‘Change is coming’ promises Morgan

Opposition leader Morgan Tsvangirai has urged Zimbabweans to exercise restraint despite worsening abuse by President Robert Mugabe and his ruling Zanu (PF) party.
Tsvangirai said the opposition was acutely aware of the worsening hardships but said the people should avoid the temptati

on to lose hope. The MDC leader told the Mashonaland East provincial council at the weekend that Zimbabwe had entered the “final, decisive stages of our generational and political transition to a new Zimbabwe.”
“We live in trying times,” Tsvangirai said. “Our entire business sector has been criminalized and attacked for merely trying to perform an essential service and for supplying the people with the little goods and services they can still salvage from the current hyper-inflationary environment.”
Tsvangirai spoke as soldiers and police officers moved into supermarkets demanding the reversal of prices in a populist policy that critics say is likely to result in empty shelves.
Tsvangirai said change was imminent. He emphasized that the MDC did not hate President Mugabe, but his system of governance which had plunged the country into its worst economic and political crises since independence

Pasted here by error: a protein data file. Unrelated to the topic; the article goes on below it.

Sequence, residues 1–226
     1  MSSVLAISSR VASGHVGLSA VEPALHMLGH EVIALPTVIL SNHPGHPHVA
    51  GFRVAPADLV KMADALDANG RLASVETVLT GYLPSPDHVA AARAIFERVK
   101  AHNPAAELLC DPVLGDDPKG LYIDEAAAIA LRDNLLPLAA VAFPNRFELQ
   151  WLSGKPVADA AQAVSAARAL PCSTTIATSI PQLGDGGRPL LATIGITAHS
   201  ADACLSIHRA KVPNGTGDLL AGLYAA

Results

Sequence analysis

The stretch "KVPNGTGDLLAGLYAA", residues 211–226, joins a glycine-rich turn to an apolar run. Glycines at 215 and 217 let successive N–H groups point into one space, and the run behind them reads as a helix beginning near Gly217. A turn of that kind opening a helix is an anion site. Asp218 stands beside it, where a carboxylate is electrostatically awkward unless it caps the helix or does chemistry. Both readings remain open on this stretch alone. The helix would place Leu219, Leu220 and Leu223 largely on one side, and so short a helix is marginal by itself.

“We are on course,” he said. “It has become clear that we are on the final stages of the dictatorship. Change is inevitable; change is coming.”
Tsvangirai said he hoped the ruling party would take the mediation being spearheaded by President Thabo Mbeki seriously. He said his party fully endorsed the sub region’s concern for Zimbabwe and hoped that something positive can emerge from the engagement.
“Given the right political will, peace is possible,” said Tsvangirai. “There are always opportunities in dialogue. What we need is principled dialogue, away from emotions, and anchored on raw facts about the situation in our country. SADC has seen the need for this and is trying to push Zanu (PF) away from the state of denial. Let us steer away from embarrassing our SADC neighbours.”
Tsvangirai did not elaborate on what form of action his party would take in the event the mediation failed, but ruled out the use of arms.
“If we deliberately allow our emotions to undermine a reasoned pacific process, a possibility exits for a serious power vacuum whose consequences could be too ghastly to contemplate. There is simply too much anxiety within the population at the moment,” he said.
Tsvangirai cautioned the government against using state institutions to carry out acts of violence against the opposition.
“Our uniformed forces and all civil servants must confine themselves to their Constitutional mandate and serve Zimbabweans across the board,” he said. “Our war veterans must realize that they were demobilized after a sterling performance against colonialism. They cannot allow a political party to de-humanise them and turn them into a militia. They cannot become a reserve force whose command structure rests with the Zanu (PF) Politburo. Genuine war veterans must refuse to be answerable to a political party. They fought for Zimbabwe, not Zanu (PF).”

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